Ajnad Misr claims Wednesday's Cairo University blast

Ahram Online , Thursday 23 Oct 2014

The jihadist group Soldiers of Egypt has claimed several anti-police attacks recently, including two separate incidents that combined killed four officers

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An Egyptian security official with a bomb-sniffing dog conducts a search at the scene of an explosion near Cairo University in Cairo on 22 October 2014. (Photo: Reuters)

Ajnad Misr, a militant group operating in Egypt, claimed responsibility for a blast at Cairo University that injured 11 on Wednesday.

The operation was part of a "Retribution is Life" campaign that targets "criminal," security forces, the group, whose name means "Soldiers of Egypt" in Arabic, said in a statement released on its Twitter account.

"This blessed operation comes after a rise in killing and maltreatment incidents against students. And we have been avoiding targeting the criminal apparatus near universities ... til it was proven that they are carrying out systematic crimes [against students] without justification," it said.

The group also pointed out that it was keen on "minimising the power" of the blast, so as not to affect civilians.

The bomb, that officials said was aimed clearly at policemen stationed outside the university, injured six police and five civilians. It was planted in a gas pipeline and prosecutors said it was likely to have been detonated using a mobile phone.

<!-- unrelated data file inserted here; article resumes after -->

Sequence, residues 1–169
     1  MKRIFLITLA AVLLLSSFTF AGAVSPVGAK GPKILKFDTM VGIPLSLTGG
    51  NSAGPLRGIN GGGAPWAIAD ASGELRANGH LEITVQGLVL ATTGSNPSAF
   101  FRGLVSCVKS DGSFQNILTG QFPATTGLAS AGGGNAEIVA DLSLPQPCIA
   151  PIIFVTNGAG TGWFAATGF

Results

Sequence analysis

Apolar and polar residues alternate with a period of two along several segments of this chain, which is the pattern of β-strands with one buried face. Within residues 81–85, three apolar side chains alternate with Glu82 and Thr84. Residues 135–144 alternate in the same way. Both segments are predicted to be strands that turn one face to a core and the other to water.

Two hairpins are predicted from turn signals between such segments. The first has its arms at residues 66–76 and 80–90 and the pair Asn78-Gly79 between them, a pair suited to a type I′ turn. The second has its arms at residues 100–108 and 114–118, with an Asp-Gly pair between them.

The group said the blast took place at the same location where Brigadier-General Tarek El-Mergawi was killed, also following a bomb explosion in April.  

Cairo University, along with other campuses nationwide, has been the scene of unrest since the start of the new academic year two weeks ago, with recurrent clashes occurring between police and alleged Islamist students protesting against the government.

One student was killed by birdshot following clashes with police at the Faculty of Engineering in Alexandria University, marking the first death in such clashes this year.

So far, police have stormed at least five universities and arrested over 180 students.

The students, many loyalists of the banned Muslim Brotherhood, are protesting against the current government, saying it is part of a "coup" that ousted Islamist President Mohamed Morsi in July 2013.

Morsi was ousted by the military amid nationwide popular protest against his rule.

Ajnad Misr had already claimed responsibility for planting bombs near Ittihadiya Presidential Palace on 30 June that killed two police officers, in addition to a blast outside the foreign ministry in Cairo in September that also killed two policemen.

Egyptian authorities have been battling a mounting insurgency, mainly based in the Sinai Peninsula but that has also spilled over into Delta governorates and the capital, Cairo.

Militant attacks have killed hundreds of police and army troops, while civilians have also died in the violence.

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